The reality for lots of couples that have invested in each other for many years is that if you’re going to end the relationship, you now have to stop thinking emotionally and start thinking financially.

#1 Evaluate What You Really Know About Your Finances

If your answer is anything but “Oh, I handle all our finances, I know exactly where we are,” then you have work to do. If you have been out of touch with your family finances for more than five years, don’t even try to get caught up. Get yourself to a CDFA® (Certified Divorce Financial Analyst) ASAP! You can find one in your area by going to the Institute for Divorce Financial Analysts. Do this BEFORE you tell your spouse you want a divorce. Your CDFA® will help you do a little digging to get some information before the information mysteriously disappears. They’ll also help you see what your financial life after divorce might look like.

#2 Gather Documents Before your Divorce Starts

This is the one thing you can do to save yourself a ton of money in the divorce process. Anything you can gather before you meet with either an attorney, a mediator, or a CDFA® will reduce the amount you ultimately have to spend out-of-pocket. Here a quick list of must-have documents.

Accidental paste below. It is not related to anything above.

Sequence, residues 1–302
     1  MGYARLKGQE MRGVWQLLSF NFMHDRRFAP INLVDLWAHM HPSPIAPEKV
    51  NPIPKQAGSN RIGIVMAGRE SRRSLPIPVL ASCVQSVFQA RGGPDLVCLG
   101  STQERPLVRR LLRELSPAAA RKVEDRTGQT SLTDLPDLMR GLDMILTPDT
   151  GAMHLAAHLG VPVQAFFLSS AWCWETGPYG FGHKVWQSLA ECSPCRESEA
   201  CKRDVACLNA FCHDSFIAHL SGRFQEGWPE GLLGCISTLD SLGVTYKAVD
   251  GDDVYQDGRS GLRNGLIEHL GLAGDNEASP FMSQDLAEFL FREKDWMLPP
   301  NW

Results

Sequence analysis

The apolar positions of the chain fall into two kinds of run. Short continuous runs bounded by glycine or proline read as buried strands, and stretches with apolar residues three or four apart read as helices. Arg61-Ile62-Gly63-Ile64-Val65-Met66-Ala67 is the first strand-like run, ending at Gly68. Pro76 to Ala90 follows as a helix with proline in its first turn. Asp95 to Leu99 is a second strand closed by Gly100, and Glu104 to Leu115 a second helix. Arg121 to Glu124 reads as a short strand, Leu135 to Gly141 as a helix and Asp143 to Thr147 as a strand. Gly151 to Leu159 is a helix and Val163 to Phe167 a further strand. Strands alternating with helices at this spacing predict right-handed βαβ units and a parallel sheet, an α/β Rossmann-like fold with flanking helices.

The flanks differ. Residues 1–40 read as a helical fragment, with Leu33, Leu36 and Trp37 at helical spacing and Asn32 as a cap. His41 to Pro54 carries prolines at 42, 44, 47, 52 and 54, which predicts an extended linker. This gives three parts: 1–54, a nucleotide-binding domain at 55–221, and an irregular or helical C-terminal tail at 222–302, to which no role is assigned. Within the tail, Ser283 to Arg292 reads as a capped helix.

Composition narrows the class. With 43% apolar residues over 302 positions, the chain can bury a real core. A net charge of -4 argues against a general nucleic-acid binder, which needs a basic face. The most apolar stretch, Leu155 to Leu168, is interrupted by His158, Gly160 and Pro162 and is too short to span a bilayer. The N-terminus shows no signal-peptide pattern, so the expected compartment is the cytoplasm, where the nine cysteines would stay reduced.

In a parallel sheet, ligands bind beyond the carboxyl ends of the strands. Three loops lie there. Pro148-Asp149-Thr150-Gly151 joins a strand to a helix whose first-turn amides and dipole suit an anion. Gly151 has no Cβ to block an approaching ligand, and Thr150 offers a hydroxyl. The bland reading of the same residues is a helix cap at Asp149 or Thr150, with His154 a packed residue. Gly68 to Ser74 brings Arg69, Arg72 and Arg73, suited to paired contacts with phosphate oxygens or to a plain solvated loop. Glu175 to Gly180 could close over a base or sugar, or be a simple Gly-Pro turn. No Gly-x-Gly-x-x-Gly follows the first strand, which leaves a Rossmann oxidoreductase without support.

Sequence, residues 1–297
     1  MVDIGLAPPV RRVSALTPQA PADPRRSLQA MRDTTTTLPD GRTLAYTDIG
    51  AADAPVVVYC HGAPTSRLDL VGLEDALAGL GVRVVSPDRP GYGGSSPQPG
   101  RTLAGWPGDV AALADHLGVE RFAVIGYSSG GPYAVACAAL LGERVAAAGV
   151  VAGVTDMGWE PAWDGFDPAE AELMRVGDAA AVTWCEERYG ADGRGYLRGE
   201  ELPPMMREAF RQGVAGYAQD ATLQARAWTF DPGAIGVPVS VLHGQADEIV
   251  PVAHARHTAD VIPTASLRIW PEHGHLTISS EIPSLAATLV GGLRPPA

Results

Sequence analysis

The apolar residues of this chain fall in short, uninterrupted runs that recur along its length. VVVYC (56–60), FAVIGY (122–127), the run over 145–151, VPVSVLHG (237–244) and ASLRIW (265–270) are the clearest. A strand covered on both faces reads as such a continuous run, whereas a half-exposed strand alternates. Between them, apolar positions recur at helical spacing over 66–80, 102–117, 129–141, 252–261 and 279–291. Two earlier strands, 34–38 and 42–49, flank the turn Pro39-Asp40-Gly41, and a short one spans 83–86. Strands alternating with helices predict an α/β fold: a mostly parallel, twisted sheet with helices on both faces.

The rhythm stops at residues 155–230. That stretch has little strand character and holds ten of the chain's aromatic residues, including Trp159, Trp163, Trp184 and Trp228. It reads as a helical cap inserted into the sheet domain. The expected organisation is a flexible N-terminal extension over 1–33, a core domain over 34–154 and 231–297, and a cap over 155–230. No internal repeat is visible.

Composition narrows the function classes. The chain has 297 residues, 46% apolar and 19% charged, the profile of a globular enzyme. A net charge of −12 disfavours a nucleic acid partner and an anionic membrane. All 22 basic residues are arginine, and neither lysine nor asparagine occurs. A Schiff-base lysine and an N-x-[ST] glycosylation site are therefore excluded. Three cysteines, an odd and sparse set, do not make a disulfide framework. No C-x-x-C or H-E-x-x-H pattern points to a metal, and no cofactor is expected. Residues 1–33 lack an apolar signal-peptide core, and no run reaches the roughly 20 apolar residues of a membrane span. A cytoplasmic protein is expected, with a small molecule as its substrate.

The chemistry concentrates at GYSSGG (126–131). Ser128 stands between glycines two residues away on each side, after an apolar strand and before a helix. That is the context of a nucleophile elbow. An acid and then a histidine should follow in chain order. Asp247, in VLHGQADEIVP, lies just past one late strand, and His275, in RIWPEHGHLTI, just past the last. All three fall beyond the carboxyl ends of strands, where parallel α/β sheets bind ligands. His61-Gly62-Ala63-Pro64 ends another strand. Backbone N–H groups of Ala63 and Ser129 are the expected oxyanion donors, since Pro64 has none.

• 3 years of tax returns
  • 6 months of bank statements on all accounts
  • 6 months of statements on each of your marital and separate investment accounts including 401k, deferred
  • compensation, ESPP, ESOP, 403b, 529, IRA, etc. If you are baffled by those different account types or you’re not
  • even sure if your spouse has a retirement plan, get to a CDFA® now!
  • Most recent 4 paystubs
  • Most recent mortgage statement on any properties owned
  • Copies of all insurance policies and annuities (the policies themselves as well as statements)
  • VIN numbers and mileage on vehicles owned
  • Most recent statements on debts, credit cards, car loans, etc.
  • Details of any business interests, e.g. S Corps, LLC’s, and partnerships

#3 Get Organized

Once you’ve gathered all the data, find a way to keep it all organized. Some people create a 3-ring binder with tables for each section, others put all their documents in a protected electronic environment like Dropbox, iCloud, or Google Drive. This is best when you need quick and easy access in a mobile format. Again, this will save you a lot of money down the road.